By Wilma Bedford
Who doesn’t enjoy a boiled or roasted mealie on the cob, dripping with butter? But have you ever wondered where mealies come from, apart from the supermarket or, if you are lucky, directly from the farm?
Mealies were being cultivated as far back as 7,000 years ago and is indigenous to South America. The Mexicans made a flat bread with minced mealies and roasted it over the coals, hence tortillas.
When the Spaniards set foot in Mexico, among other with the aim of converting the inhabitants to Christianity, they were amazed to see that the cross formed part of the Mexicans’ worshipping rituals. The cross however had no Christian connonation, but was linked to the mealie, which was their staple food. This cross was the symbol of the mealie that grows strongly like a man, with his head held high and his arms reaching to the sky. After Christianisation the connotation with the mealie continued in the holy communion wafer that is made from mealiemeal and that symbolises the change into the body of Christ.
The Portuguese seafarers took mealies along on their journeys to India, from where they spread to Pakistan, entered the Silk Route and by the 16th century mealies were established in Indonesia, Siam (now Thailand) and the Phillipines. Mealies also arrived in East Africa with the Portuguese slave traders and from there the Arabian traders took them to North Africa and the Mediterranean countries. By the 18th century mealies had spread to central Africa, where it became a sought after grain due to its relative ability to withstand droughts and locusts.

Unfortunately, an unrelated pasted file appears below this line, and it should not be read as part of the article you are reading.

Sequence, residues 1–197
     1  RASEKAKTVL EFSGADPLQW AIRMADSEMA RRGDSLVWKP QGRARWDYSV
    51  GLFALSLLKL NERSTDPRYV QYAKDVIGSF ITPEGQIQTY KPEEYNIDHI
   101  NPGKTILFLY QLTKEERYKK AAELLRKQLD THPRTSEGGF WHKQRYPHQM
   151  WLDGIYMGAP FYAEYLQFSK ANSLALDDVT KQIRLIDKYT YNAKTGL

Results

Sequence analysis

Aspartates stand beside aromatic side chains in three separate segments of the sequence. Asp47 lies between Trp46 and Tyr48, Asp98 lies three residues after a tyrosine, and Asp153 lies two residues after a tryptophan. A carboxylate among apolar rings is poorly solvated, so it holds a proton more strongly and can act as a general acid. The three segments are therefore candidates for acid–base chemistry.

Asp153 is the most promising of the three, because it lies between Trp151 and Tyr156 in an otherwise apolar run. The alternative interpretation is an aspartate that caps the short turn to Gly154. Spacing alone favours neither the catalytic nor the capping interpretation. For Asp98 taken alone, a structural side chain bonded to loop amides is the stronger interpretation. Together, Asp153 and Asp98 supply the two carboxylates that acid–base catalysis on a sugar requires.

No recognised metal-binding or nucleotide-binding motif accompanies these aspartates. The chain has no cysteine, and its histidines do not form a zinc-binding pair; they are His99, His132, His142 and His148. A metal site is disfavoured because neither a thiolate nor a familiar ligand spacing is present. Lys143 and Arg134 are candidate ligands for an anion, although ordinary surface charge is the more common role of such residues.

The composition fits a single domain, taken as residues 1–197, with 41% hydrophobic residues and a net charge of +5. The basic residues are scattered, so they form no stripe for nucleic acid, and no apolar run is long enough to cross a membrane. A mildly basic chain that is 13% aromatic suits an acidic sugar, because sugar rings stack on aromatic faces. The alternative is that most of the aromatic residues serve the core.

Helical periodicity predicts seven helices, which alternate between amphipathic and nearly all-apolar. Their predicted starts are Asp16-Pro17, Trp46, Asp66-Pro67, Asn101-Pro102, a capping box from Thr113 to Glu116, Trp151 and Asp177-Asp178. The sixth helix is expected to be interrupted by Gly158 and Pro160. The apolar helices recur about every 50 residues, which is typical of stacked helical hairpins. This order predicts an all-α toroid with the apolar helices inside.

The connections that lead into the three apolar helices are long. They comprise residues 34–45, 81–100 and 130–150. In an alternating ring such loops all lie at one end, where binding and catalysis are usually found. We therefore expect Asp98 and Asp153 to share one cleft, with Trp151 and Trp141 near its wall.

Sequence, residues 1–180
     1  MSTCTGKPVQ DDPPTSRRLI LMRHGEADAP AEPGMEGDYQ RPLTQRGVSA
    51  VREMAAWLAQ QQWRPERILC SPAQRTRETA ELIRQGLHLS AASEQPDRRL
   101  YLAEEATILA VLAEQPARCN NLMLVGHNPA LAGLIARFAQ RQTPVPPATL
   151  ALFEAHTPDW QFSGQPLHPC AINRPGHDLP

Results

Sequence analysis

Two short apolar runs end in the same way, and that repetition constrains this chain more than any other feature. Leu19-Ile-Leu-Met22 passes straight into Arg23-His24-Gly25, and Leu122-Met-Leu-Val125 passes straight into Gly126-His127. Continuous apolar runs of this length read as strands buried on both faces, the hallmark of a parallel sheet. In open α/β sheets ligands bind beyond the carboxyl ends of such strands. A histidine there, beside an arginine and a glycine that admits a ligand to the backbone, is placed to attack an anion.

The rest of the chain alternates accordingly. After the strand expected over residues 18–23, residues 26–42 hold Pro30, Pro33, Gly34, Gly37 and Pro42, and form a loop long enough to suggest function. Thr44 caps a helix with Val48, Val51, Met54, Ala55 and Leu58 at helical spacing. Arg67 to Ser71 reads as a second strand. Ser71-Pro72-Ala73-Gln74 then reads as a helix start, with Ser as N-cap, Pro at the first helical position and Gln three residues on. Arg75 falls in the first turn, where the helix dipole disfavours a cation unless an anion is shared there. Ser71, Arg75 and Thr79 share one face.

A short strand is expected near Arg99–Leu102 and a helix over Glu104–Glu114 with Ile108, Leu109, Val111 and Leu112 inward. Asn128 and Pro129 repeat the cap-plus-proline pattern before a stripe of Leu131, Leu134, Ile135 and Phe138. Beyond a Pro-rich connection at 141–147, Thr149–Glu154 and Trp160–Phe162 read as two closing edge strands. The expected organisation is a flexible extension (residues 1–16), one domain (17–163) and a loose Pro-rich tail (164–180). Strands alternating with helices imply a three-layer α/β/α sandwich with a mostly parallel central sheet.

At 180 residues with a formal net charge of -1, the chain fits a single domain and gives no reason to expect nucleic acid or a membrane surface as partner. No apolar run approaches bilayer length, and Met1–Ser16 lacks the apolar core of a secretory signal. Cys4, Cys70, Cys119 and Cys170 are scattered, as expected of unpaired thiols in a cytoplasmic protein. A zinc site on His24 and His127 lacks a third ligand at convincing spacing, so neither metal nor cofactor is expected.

In South Africa, where maily white mealies are cultivated, we are fairly unaware that in Mexico yellow, red, blue and black mealies are also grown – all edible; the Mexicans have no qualms about blue-coloured food! For the Mexicans the mealie is such a boon that they dedicate the colours to the four wind corners of the earth: white symbolises the East, blue the North, red the South, yellow the West and black refers to “Above”.
To make the mealie edible, the Mexicans first soak it, then break it to loosen the outer skin, which is then removed during the washing process. The mealie is then minced for making tortillas. Breaking the seed releases niacine, which facilitates digestion. Together with the mealies they eat beans, chillies and pumpkin, providing them with all the necessary vitamins.
The whole mealie plant is used. The soft leaves around the head as well as the flower are boiled as vegetables, the soft beard around the head is used to make the tortilla dough, the hard leaves are used as cigarette paper, the husks to make fire and corks, and the stems for firewood, fences and shelters. In North America mealies were initially cultivated mainly for fodder, but when the Irish and Scottish immigrants arrived, they elevated the mealie to a higher status by using it to distil whiskey. The whiskey was matured to a Bourbon, which is still popular today. By the 19th century some of the mealie varieties became popular by processing it to make corn flakes, tortilla chips, cornflour, and the ever popular popcorn.